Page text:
The Biz Dev 100: Ed Walker, business development director, Foolproof

Welcome to The Biz Dev 100, powered by The BD 100, which aims to recognize and celebrate important role played in the media and marketing industry by those who source and bring in new customers and keep the fortunes of businesses on track.

Ed Walker

Below is Ed Walker, one of those at the top of their field who work in the UK biz dev sector.

Name: Ed Walker

Job Title: Business development director

Agency: Foolproof

What were your highlights of last year?

Exceeding target and winning work from emerging FinTechs in Europe. Expanding our team with recruitment from within. Winning pitches against Management Consultancies as well as Product and Service Design agencies we admire.

What has been your most memorable win - and why?

In my second job, I worked in a new business consultancy undertaking outbound new business prospecting on behalf of agencies. One of my clients had a new integrated offer (it was 2004/5) and I'd recently implemented an idea about contacting recently appointed CEOS, which I wanted to test out. I read of one CEO in the FT, working in a FTSE100 business and quickly put together an email to contact him. I got a meeting which led to a £20m account win, securing work above and below the line. It was even more memorable as the news made the front page of Marketing Magazine and Campaign.

How would you describe your approach to business development?

Outwardly it’s relaxed but with a strong attention to detail. Outwardly a good listener, but sure to get my point across at the right time. Softly, softly - so no hard sell. Foolproof's approach to design requires a deep understanding of the people we are designing for. This too applies in an RFP and pitch situation. We have to understand the clients, their motivations and their vision for what good looks like. This means that we insist on face time with a client and so often turn down opportunities that keep us at arm’s length. I listen a lot and try to ask questions that reveal the information that sits behind the RFP. When we do pitch, we really go for it, spending time getting to know the company's customers to understand how they really feel when using their products or services. And sometimes, we build on this by working up a visionary prototype for the future customer experience. Importantly it’s a team effort, so while I might be the main point of contact with the client during the pitch process, I’m working with a team of people including experience strategists, UX consultants, designers, project managers and the business founders. It’s a big responsibility to ensure that everything is being done to deliver a great pitch. But I enjoy the frantic nature of this part of the process, it’s the waiting for the answer I find hard.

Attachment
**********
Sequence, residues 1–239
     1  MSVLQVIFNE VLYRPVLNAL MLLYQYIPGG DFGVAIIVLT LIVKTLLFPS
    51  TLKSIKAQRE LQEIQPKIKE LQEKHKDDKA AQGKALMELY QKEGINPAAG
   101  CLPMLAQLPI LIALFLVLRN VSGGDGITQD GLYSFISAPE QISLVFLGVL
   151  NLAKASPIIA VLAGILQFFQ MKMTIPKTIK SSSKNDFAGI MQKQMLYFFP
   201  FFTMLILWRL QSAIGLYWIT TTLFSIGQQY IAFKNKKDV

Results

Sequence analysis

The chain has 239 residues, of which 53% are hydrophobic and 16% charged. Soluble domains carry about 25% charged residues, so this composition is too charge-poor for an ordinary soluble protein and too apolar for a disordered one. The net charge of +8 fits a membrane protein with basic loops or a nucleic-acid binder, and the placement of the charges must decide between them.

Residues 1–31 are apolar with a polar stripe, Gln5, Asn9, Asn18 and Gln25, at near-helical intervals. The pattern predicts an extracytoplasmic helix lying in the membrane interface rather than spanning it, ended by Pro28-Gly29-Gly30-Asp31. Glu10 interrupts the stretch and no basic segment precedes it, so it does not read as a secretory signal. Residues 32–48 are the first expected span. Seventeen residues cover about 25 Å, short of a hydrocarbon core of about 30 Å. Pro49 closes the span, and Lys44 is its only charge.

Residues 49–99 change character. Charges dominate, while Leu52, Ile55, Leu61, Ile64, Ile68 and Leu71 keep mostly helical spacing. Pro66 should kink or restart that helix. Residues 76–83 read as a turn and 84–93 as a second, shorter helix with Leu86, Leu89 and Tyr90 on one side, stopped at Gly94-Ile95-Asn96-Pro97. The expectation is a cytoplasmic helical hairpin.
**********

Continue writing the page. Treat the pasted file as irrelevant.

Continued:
What is the best piece of advice you’ve ever been given?

“You’ve got two ears and one mouth Ed. Use them in that ratio”.

What would be your number one tip to anyone starting in business development?

It’s never personal when you lose, so try not to take it as such. If you get a ‘No’, it’s not a rejection of you. So try and learn how to switch off everything when you get the chance to. Business development is very exciting, it’s the lifeblood of any agency and the thrill of the chase, understanding people and how to persuade them is fascinating but takes a lot of craft and energy. With the effort and excitement comes stress. Different people experience stress in different ways and therefore everyone needs to find their own way to cope with it. Win or lose, we always regroup as a team for a beer afterward to get closure. For me, after we’ve pitched I always have a sense of anti-climax. The time after a pitch and hearing the result is always the hardest. To unwind, I like to swim, ride my bike or cook.

What is your new business soundtrack?

It all depends on what stage we’re at. If I’m reading a brief, I need to focus, so it’s something calm, probably a bit folky, Nerina Pallot, Vance Joy, Jack Savoretti, Fleetwood Mac or Steely Dan. If I’m writing a proposal I need something that I can switch on and just start to write – normally house music.

As we prep for the pitch, it’s teamwork, so there is less music involved, but I always listen to music on my way into work, whether I’m preparing for a pitch or not. If I am, it’s always positive and loud, most likely disco (a mix by Bill Brewster or Greg Wilson) or indie; something that makes me walk faster.

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